Fwiw, some jurisdictions allow nonprofit worker cooperatives. (Ontario Canada explicitly allows it in our co-op act). The new co-op that we’ve started is a nonprofit worker co-op, but we’re still too early to know if that’s a good or bad idea. The only other local nonprofit worker co-op we know of is a green construction company, so its rare even here.
From what I’ve gathered from informational interviews with others, by being a nonprofit, we’ll benefit from easy trust in certain external partnerships, but probably suffer from 1) not having way to compensate someone with share-buy when they come to natural and healthy departure from org, 2) less dynamic conversation around surplus and values, e.g. “member pay-out vs build collective fund pool” conversation doesn’t happen, so not exercising a critical choice there, and 3) nonprofit law is more of an minefield when combines with small collective thinking (e.g. hard to prioritise looking after one another, as law supercedes that concern)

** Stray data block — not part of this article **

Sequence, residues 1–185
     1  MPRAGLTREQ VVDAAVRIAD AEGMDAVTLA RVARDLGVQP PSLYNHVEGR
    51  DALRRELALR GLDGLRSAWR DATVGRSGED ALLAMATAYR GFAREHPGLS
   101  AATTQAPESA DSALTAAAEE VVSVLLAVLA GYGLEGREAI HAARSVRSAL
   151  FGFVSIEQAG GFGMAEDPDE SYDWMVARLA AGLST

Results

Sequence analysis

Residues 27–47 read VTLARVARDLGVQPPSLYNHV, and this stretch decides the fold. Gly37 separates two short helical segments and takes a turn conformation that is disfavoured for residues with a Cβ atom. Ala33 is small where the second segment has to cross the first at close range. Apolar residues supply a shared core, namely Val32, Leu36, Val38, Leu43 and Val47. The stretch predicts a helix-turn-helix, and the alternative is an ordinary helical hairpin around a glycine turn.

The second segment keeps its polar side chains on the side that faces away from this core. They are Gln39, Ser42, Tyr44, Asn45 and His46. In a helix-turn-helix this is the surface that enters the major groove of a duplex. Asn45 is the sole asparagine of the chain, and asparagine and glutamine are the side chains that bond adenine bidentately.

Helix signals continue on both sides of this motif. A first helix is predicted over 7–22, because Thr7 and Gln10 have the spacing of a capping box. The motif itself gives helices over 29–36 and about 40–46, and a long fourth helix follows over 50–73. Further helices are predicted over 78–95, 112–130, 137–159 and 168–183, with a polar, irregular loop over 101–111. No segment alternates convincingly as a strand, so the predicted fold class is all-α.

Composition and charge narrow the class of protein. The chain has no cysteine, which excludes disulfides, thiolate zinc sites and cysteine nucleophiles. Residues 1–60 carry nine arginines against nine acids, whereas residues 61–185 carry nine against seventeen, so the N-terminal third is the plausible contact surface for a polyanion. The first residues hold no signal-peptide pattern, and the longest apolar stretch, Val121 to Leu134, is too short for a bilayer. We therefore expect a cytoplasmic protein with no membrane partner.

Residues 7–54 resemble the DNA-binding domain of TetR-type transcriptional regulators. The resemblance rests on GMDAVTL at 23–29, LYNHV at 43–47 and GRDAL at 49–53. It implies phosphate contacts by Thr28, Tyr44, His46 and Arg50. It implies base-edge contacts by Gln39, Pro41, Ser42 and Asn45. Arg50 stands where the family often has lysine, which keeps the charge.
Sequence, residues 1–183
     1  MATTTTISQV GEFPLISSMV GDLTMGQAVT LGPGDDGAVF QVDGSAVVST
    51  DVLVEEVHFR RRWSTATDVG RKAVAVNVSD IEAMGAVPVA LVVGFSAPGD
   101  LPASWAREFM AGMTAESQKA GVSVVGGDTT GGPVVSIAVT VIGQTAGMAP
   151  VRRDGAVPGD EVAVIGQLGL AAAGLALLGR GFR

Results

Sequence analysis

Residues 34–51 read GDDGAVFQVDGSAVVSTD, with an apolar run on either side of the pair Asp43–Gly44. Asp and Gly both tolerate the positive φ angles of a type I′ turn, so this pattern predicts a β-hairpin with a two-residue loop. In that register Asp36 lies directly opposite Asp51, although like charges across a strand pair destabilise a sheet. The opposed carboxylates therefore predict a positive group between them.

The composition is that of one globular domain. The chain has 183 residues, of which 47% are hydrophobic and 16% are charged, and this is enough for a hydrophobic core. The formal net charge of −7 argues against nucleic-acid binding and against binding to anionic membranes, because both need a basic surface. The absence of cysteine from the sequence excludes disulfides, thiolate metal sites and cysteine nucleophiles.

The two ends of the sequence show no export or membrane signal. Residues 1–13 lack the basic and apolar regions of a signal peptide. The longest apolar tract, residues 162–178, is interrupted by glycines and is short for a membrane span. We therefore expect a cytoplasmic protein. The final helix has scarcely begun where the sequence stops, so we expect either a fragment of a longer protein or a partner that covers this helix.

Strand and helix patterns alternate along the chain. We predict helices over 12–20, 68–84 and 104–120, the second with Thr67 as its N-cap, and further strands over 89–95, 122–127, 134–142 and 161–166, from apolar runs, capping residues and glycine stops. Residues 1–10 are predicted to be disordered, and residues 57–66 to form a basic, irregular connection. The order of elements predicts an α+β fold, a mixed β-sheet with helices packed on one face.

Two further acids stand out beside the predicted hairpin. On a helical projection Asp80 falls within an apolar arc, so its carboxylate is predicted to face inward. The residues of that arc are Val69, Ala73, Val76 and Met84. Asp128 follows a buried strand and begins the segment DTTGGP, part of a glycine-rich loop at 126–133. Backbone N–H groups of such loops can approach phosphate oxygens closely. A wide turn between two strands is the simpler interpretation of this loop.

In my understanding, raising capital is often seen as a key tradeoff in nonprofit vs co-op. (With co-op, non-voting shares in coop can be sold to non-members to raise capital and offer modest investment vehicle.) but at least in Canada, that tradeoff point is becoming a moot point, since nonprofits are very confident about the legal framework and precedent around community bonds being used to raise money: https://communitybonds.ca/
Anyhow, hopefully these thoughts aren’t too messy! (Disclaimer: only very recently into co-op space myself over last year, but having lots of conversations!)